UAE seeks strategic autonomy through S&T ties with China

Authors: Anupama Vijayakumar and B. Poornima*

The 21st Century has witnessed the emergence of the United Arab Emirates (UAE) as a major player on the global stage. Jim Mattis, the former-United States Secretary of Defense, referred to the small Middle-Eastern nation as “Little Sparta” in 2014, a reflection of how the UAE has been punching well above its weight amid the New Era of Great Power Competition. UAE has concertedly attempted to project itself as a major power, slowly dissociating from its past identity as an “oil country” and consciously employing Science and Technology (S&T) as a vehicle to redefine its identity. Ranging from the ambitious project to establish a human settlement on Mars by 2117 to its National Advanced Sciences Agenda 2031, S&T has been placed front and centre in the UAE’s roadmap for its rise. i

The Emirati leaders appear keen to grab the opportunities offered by the Fourth Industrial Revolution and position the UAE as a pioneer in the field. In addition to becoming the first country to institute a dedicated ministry to Artificial Intelligence (AI) in 2017, the UAE recently became the first to open an office of its Ministry of Economy in the Metaverse. Moreover, its bid to reach for the stars through ambitious deep space exploration missions is indicative of its intent to solidify its reputation as a major power. The UAE’s aspirations herein are in tune with a reoriented foreign policy grounded on strategic autonomy. Under the leadership of Sheikh Mohamed bin Zayed Al Nahyan, it is growing adept at juggling strategic ties between Russia, China, the USA and Israel, among others, at forming partnerships that serve its interest to emerge as a global technology leader.

The UAE had evolved as a close ally of the United States in the era following the 1973 oil embargo. The security, economic and diplomatic ties between the two states have remained robust in the subsequent decades. In addition to hosting three military installations, namely the Al Dhafra airbase, the Jebel Ali Port and the Fujairah naval base, the UAE is the only Arab nation to have played an active military role in the US-led Global War on Terror. In an inherently asymmetric relationship, the UAE had largely been dependent on the USA for acquiring high technology, including military equipment, for national security purposes.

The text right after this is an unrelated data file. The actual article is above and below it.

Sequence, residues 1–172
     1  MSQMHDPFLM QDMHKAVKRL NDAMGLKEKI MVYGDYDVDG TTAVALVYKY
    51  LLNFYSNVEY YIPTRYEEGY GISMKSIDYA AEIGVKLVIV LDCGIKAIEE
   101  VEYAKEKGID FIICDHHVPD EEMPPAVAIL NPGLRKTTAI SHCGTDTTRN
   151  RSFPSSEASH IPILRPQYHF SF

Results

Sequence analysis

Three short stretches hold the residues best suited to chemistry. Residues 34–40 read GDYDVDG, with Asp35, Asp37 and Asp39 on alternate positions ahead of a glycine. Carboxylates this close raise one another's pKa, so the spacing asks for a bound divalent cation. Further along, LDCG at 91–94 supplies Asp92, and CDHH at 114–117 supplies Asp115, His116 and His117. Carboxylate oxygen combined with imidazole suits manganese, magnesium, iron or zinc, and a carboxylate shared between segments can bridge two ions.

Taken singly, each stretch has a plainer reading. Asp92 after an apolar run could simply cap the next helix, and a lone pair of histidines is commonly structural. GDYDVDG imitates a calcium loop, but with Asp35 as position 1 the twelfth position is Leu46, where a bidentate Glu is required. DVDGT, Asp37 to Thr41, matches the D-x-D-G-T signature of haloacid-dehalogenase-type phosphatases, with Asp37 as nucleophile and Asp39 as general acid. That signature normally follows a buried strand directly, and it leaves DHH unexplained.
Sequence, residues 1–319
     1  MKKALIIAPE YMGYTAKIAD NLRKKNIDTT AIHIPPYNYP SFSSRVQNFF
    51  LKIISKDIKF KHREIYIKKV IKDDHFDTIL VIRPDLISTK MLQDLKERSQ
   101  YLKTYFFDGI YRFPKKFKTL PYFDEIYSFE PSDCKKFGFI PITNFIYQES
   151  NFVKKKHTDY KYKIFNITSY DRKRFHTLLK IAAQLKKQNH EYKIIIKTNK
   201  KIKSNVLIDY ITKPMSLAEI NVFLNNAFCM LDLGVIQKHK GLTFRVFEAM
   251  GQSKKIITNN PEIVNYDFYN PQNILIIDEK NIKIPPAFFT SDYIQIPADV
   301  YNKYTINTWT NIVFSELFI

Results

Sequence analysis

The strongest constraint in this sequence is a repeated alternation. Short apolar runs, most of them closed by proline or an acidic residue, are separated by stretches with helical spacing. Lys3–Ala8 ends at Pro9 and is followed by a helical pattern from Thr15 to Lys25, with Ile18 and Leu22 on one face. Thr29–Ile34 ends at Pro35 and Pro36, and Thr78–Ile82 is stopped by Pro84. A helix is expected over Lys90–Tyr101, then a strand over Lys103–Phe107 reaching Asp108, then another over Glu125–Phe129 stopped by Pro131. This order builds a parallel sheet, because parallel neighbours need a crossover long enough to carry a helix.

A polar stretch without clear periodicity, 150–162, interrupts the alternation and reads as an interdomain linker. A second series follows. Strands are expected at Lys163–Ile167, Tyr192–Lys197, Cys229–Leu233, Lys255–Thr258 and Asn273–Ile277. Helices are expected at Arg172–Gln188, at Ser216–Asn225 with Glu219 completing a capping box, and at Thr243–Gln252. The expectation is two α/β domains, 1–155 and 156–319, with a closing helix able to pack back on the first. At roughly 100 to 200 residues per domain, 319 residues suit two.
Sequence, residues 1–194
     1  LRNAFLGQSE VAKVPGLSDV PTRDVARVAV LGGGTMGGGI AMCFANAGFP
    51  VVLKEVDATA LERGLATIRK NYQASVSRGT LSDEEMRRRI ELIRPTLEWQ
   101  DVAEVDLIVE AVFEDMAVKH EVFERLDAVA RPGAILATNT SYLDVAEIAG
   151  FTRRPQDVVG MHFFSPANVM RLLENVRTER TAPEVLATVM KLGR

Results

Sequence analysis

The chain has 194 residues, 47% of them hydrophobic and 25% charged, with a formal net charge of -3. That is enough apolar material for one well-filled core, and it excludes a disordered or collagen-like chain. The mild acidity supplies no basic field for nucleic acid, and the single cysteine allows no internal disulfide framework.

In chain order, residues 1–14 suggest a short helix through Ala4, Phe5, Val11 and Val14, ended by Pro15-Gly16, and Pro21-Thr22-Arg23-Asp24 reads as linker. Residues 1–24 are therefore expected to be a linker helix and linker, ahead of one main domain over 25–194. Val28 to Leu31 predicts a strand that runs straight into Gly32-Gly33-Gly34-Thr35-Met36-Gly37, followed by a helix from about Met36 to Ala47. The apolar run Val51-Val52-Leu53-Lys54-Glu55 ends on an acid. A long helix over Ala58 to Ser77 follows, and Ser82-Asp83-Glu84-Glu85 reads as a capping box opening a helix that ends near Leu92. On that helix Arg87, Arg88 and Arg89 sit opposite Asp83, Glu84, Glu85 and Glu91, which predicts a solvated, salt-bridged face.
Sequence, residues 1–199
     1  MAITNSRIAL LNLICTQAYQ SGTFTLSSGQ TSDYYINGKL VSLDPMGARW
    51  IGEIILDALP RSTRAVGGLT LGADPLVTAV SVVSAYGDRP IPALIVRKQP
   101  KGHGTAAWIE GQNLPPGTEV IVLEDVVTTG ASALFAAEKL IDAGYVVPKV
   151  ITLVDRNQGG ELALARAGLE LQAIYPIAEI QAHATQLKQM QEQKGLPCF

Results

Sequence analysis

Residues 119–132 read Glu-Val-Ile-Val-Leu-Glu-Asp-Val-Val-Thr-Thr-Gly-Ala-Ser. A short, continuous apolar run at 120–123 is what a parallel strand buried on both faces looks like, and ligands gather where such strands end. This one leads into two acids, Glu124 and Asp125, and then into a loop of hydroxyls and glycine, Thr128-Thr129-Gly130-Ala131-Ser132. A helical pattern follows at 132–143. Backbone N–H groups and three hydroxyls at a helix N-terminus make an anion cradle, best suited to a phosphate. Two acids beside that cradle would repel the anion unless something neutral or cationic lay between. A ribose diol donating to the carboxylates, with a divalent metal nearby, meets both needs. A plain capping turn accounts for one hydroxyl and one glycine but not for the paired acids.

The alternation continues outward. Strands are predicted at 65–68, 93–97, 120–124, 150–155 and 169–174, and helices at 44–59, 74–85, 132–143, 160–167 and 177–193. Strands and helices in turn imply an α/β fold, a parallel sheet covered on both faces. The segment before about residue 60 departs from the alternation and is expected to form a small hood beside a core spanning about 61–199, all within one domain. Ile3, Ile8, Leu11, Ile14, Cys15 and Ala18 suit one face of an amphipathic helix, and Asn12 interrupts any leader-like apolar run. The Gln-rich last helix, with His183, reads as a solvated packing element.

However, in recent times, the UAE has resorted to a strategy of diversification as a means to navigate the tricky geopolitical currents in a multipolar world. Intent to project autonomy as a hallmark of its redefined identity, the UAE is simply not having it with Washington’s hypervigilance over the transfer of critical technologies nor its excuses for congressional delays on technology transfer. The US’s refusal to sell the MQ-9 Predators prompted the Emirates’ decision to buy Chinese-made Wing Loong II drones in 2017. The ties with Beijing further grew during the Covid-19 pandemic. In stark contrast to the US, which placed strict controls on the export of vaccines and essential medical supplies, China stepped in to fill the vacuum.

Alarm bells rang in the West when the UAE chose Huawei, a major pawn in the US-China tech war, to set up its 5G critical infrastructure. Despite this partnership costing them the much- anticipated F-35 deal in early 2022, the UAE’s confident leadership has not budged. Huawei continues to be the UAE’s partner of choice in various smart city projects, including Dubai’s ‘Police Without Policemen’. The company has also been involved in setting up data storage and online payment facilities for public transportation. Meanwhile, SenseTime, the Chinese facial recognition company (which is under American sanctions), has been welcomed to set up

an R&D centre in Abu Dhabi. However, as alarmists fear, its decision to do business with China is not to be mistaken as evidence of a UAE-China proto-alliance. Partnering with China is UAE’s ticket to accelerating its economic development, as observed in Abu Dhabi’s enthusiastic participation in the Belt and Road Initiative. The UAE’s motivation to practice strategic autonomy in technology partnerships has been well-articulated by Omar Sultan al Olama, the UAE’s Minister for AI, Digital Economy and Remote Work Applications. “No country is given an advantage… as long as it makes economic sense, we will use it (Chinese technology).”